No. of mol of Na2O2 needed to absorb CO2 = no. of mol of CO2 = 200 Molar mass of Na2O2 = 23.0 x 2 + 16.0 x 2 = 78 g mol-1 Mass of Na2O2 = 200 x 78 = 15600 g = 15.6 kg

7 (a) - Partial pressure of methanol, PA = XA PAo - PA =
3.94 ×54 .1 = 34 .6 6.16

- Partial pressure of ethanol, PB = - PT = PA + PB = 45.3 kPa

2.22 × 29 .6 =10 .7 6.16

1 1 …. 4

(b)
Vapour pressure

- Correct label for the axes - Linear graph

1 1

- The force of attraction between the
molecules in the solution is the same as the those in the pure liquids.
0 Composition of A 100

- An ideal solution is formed

1 1 …. 4

(c)

Fractional distillation of an ideal solution

6
Temperature/ oC 100

T1 T2

liquid

vapour

66

0

30

C1

C2

100

% of methanol
The path for the process is shown with arrows Labelled axes Correct curves The methanol solution would boil at temperature T1, producing vapour of compositon C1 The vapour with compositon C1 would condense into liquid of the same composition which will boil at temperature T2 ,producing vapour with composition C2 The boiling and condensation occurs repeatedly The distillate is the component which is more volatile (methanol) Total

1 1 1 1

-

1 1 1 …. 7

-

15

Q 7(a)

Answer [ Fe3+ + e  Fe2+ Eθ = + 0.77 V ; ½ I2 + e  I- Eθ = + 0.54 V] (i) 2Fe3+ + 2e  2Fe2+ Eθ = + 0.77 V √ θ 2I  I2 + 2e E = - 0.54 V 3+ 2I + 2Fe  I2 + 2Fe2+ Ecell = + 0.23 V √ √ Since Ecell is positive, it is a spontaneous reaction / reaction will takes place. √ [Ag+ + e  Ag Eθ = + 0.80 V Fe3+ + 3e  Fe V] (ii) 3Ag  3Ag+ + 3e Eθ = - 0.80 V } √ Fe3+ + 3e  Fe Eθ = - 0.04 V } Ecell = - 0.84 V } Since Ecell is negative, it is a non-spontaneous reaction } Eθ = - 0.04

Mark ∑

1 1+1 1

1 1 6

(b)

Ag+ (aq) + e  Ag (s) 108 g requires 1F @ 96500 C

7 0.60 g requires 0.60 x 96500 C 108 0.60 x 96500 C = 0.25 x t 108 t = 2144 s = 35.74 min = 35 min 44 s (c) (i) Energy / kJ Ca2+(g) + 2F(g) Ca2+(g) + F2(g) Ca2+(g) + 2 F-(g) Ca (g) + F2(g) Ca(g) + F2(g) Ca(s) + F2(g) Ca F2(s)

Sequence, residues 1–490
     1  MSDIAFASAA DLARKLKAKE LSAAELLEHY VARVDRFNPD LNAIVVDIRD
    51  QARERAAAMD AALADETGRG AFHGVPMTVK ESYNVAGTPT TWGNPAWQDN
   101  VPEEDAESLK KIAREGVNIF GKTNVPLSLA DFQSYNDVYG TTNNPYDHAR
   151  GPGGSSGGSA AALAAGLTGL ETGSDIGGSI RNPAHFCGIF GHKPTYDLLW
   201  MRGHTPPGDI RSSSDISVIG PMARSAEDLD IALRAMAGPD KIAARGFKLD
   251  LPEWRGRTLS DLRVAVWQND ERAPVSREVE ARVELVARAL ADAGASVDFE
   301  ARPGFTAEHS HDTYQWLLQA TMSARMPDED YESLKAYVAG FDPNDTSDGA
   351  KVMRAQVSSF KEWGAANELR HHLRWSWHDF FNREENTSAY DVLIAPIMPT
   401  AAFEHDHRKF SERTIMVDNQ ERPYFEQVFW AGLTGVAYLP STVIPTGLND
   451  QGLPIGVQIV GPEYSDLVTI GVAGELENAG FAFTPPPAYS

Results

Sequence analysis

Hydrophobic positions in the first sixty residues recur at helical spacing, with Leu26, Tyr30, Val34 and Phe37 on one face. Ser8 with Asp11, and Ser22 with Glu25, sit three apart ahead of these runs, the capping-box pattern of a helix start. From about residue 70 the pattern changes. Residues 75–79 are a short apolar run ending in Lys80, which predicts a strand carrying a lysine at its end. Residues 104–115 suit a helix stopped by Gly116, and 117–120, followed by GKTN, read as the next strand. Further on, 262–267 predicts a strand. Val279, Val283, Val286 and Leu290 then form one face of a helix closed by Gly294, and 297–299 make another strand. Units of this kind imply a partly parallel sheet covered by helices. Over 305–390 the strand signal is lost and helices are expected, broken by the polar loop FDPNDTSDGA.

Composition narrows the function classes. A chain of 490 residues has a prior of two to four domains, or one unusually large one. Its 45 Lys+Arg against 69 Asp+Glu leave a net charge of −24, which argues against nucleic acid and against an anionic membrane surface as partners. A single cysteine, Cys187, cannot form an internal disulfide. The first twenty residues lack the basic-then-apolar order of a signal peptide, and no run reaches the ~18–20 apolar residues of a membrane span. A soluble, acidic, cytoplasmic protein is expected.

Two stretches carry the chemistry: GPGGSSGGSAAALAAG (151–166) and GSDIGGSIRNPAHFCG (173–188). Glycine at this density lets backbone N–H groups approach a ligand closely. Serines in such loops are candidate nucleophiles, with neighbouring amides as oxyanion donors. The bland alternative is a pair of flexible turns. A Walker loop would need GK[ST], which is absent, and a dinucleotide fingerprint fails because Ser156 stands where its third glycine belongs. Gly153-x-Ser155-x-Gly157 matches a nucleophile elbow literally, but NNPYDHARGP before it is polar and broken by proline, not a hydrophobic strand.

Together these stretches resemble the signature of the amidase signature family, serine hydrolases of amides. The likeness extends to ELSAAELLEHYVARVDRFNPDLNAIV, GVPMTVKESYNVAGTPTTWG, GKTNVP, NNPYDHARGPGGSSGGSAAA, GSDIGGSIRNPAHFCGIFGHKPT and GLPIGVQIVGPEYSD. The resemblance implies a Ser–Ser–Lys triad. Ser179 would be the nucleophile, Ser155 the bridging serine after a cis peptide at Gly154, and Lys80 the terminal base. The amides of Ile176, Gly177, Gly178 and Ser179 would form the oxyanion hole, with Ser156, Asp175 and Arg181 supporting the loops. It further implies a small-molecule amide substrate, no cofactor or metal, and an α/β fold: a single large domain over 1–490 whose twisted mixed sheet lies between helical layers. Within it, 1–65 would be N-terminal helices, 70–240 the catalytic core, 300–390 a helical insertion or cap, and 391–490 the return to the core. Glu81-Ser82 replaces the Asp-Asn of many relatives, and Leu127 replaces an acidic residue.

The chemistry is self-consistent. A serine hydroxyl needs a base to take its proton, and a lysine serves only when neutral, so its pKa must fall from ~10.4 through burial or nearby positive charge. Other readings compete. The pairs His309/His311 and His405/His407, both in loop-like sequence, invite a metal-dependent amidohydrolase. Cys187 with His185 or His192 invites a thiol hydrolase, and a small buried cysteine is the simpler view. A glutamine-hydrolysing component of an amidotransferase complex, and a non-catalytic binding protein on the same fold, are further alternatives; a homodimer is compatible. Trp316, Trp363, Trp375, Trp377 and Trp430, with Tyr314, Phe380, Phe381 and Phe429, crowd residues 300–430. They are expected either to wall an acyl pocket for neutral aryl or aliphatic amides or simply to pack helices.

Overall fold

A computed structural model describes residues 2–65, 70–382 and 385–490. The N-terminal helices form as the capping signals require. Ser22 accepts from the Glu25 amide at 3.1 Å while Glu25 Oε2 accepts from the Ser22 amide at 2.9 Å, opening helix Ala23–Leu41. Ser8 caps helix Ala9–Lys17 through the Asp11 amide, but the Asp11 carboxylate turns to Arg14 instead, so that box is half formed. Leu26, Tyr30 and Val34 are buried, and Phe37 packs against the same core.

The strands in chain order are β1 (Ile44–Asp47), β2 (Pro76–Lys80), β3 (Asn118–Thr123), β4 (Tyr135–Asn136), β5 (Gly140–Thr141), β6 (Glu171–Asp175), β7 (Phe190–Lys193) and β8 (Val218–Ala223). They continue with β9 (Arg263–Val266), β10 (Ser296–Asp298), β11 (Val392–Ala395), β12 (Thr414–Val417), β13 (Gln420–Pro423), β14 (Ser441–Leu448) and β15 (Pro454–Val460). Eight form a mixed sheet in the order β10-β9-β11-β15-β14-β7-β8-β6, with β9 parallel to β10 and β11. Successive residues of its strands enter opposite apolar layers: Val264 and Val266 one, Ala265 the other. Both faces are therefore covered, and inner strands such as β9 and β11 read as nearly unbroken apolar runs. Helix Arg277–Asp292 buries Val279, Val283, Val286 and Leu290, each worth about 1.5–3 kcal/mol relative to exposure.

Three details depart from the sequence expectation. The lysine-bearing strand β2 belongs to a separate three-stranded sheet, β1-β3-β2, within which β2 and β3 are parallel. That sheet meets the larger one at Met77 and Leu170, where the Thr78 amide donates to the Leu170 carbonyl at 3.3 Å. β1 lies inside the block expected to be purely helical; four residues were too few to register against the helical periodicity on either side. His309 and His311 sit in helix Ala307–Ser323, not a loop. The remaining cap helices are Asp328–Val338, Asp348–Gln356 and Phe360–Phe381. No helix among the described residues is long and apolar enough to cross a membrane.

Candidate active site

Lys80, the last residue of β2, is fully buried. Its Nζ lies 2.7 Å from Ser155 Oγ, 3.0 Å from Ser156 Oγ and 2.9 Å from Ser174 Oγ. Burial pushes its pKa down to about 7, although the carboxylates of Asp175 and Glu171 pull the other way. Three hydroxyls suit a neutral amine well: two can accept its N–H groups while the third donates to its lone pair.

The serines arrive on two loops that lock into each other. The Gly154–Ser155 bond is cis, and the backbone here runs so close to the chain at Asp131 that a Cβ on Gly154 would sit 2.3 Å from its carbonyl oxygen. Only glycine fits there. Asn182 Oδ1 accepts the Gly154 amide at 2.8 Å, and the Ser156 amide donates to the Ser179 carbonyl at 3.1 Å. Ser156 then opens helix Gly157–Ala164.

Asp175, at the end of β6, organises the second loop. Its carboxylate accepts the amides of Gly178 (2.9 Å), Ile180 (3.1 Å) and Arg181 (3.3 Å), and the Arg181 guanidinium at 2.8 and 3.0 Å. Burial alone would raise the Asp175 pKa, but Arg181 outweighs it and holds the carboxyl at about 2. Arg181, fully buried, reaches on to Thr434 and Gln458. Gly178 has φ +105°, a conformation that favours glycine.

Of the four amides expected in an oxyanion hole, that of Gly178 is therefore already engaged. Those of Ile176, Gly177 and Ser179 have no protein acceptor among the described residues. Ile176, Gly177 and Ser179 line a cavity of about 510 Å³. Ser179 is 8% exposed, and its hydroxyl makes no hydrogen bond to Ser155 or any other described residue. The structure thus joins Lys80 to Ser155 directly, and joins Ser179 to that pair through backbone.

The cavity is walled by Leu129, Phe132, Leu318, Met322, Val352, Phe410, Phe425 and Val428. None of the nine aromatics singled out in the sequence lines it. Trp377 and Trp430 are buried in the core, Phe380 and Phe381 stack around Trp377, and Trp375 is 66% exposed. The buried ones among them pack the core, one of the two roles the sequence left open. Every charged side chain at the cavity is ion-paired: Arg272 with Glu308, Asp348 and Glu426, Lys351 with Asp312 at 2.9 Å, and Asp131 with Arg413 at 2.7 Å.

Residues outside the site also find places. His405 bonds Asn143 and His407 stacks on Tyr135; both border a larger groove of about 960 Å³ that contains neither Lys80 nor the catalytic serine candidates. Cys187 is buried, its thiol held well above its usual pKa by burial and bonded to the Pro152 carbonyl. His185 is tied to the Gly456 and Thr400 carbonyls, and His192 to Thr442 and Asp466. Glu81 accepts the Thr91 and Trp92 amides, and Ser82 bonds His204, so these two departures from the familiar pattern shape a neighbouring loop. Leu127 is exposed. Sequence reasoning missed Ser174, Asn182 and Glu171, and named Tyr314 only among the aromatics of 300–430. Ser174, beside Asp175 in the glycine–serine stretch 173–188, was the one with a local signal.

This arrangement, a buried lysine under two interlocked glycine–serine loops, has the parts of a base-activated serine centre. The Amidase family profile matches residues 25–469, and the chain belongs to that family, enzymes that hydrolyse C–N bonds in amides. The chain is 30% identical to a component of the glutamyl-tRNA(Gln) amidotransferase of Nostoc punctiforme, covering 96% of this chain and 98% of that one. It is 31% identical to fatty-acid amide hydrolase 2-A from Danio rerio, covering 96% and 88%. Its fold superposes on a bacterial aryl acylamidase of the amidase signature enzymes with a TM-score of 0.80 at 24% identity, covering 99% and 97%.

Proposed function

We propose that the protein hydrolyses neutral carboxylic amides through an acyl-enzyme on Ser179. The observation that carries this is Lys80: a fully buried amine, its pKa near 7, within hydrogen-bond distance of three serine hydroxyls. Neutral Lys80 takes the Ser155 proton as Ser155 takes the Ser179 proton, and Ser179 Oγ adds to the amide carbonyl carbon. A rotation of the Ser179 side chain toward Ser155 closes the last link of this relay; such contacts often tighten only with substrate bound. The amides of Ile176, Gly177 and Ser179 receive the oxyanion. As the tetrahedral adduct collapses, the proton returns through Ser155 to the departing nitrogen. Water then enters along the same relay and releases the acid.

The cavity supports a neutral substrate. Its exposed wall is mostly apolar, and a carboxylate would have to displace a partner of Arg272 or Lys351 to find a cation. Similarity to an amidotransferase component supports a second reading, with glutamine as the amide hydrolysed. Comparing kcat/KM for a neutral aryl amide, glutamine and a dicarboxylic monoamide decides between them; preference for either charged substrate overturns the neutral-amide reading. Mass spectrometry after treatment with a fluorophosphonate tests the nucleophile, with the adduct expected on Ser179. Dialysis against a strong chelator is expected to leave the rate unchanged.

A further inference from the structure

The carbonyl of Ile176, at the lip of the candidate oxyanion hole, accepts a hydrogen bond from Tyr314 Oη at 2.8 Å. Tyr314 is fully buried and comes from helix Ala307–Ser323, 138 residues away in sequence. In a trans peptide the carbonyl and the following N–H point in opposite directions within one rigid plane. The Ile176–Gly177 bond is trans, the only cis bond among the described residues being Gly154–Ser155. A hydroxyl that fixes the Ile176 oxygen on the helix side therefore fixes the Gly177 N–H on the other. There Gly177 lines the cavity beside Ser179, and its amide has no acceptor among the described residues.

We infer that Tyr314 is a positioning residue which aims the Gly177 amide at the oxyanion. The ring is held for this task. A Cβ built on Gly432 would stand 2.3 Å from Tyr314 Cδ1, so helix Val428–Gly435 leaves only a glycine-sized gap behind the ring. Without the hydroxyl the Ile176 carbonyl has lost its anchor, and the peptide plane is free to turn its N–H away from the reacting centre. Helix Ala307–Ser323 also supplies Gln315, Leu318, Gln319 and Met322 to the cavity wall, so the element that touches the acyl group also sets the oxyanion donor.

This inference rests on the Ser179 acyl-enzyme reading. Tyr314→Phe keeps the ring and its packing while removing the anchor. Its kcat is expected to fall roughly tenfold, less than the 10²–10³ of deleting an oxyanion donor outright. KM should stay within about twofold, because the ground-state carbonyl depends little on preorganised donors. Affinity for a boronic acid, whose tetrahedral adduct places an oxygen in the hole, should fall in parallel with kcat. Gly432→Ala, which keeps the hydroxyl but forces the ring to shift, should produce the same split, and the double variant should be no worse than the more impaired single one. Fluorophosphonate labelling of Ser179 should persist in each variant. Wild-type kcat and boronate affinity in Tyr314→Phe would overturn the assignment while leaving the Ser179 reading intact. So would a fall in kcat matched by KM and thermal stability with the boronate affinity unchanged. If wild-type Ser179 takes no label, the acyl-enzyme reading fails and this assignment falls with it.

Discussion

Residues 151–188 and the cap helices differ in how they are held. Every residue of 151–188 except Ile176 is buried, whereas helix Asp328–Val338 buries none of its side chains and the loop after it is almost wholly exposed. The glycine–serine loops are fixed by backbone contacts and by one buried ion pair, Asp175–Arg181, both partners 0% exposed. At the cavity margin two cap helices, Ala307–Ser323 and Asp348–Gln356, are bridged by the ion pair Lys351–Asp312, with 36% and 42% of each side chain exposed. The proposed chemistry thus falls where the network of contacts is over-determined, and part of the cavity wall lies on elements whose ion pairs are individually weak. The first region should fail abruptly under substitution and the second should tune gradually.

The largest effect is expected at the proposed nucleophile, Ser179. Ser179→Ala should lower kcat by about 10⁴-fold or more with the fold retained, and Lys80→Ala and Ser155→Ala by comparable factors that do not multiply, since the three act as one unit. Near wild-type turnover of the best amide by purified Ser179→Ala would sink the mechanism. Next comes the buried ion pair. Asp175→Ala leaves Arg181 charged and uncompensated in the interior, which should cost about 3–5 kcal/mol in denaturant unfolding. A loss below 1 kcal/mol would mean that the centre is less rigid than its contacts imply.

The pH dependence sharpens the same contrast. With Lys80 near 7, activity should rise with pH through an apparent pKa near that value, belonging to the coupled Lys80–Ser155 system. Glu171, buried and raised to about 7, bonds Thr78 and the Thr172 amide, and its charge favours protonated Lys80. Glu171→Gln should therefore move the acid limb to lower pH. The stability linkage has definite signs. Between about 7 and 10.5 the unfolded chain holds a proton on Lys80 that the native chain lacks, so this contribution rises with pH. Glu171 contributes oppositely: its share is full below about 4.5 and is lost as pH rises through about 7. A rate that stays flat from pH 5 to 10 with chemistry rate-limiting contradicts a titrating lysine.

+

1 1 1 3

1. Atomization of Ca & ionization of Ca 2. Atomisation of F and electron affinity of F 3. formation & lattice energy of CaF2 4. correct energy circle

4 (ii) - 1220 kJ = + 178 kJ + 590 kJ + 1150 kJ + 2(+158 kJ) + 2(-328 kJ) +L.E. √ L.E. = -1220 – 178 – 590 – 1150 - 2(158) + 656 kJ = - 2798 kJ mol-1 √

4

1 1 2 15

Q

Answer

Mark ∑

8 9(a) (i) I : PCl5/ PCl3/ SOCl2 II : Ammonia/NH3 (ii) Amide, O O || || H2N- C- CH2CH2-C-NH2 1 1 1 1 1 1 OR 1 2 (b) (i) % by mass No. of mole Molar ratio C 40.0 40.0 12 1 H 6.7 6.7 1 2 O 53.3 53.3 16 1 2

(iii) Reduction (iv) Condensation polymerization O O H H || || | | -C-CH2CH2-C – N -CH2CH2CH2CH2-NH H O O | | || || -N - CH2CH2CH2CH2 – N - C-CH2CH2-C –

2 1

1 1 2 1 1 1 3 1

Empirical formula is CH2O (ii) 1. it contains chiral carbon atom 2. it contains -COOH group 3. it contains CH3-CH-OH or /carbonyl that contain CH3-C=O (iii) A is C3H6O3, O- H | CH3 – C – C – O – H | || H O 2-hydroxypropanoic acid

1 1 3 15

Q

Answer

Mark ∑

9 10(a) (12.0 x 7 + 1.0 x 6) n = 180 n=2 Molecular formula = C14H12 (b) (i) Structural formula of W and C=C H cis Structure of X H C=C H Structure of Y H H | | C–C | | H Br Structure of Z H | H–C–C | | H Br Structural formula for enantiomers of Y 1 1 H H trans C=C H 1+1 1 1 2

1

C Br CH2 H H Br

C 1+1 CH2 7

(c)

i) Red precipitate

1

10 Equation: CHO COO – | | 2+ – CH3 – C = O + Cu + OH  CH3 – C = O + Cu2O + H2O ii) orange to green Equation: CHO COOH | | CH3 – C = O + [O]  CH3 – C = O iii) yellow precipitate CHI3 Equation: CHO | CH3 – C = O + I2 + OH-  CHI3 + COO- + I- + H2O | COO-

1 1

2

1 1

2

1 2 15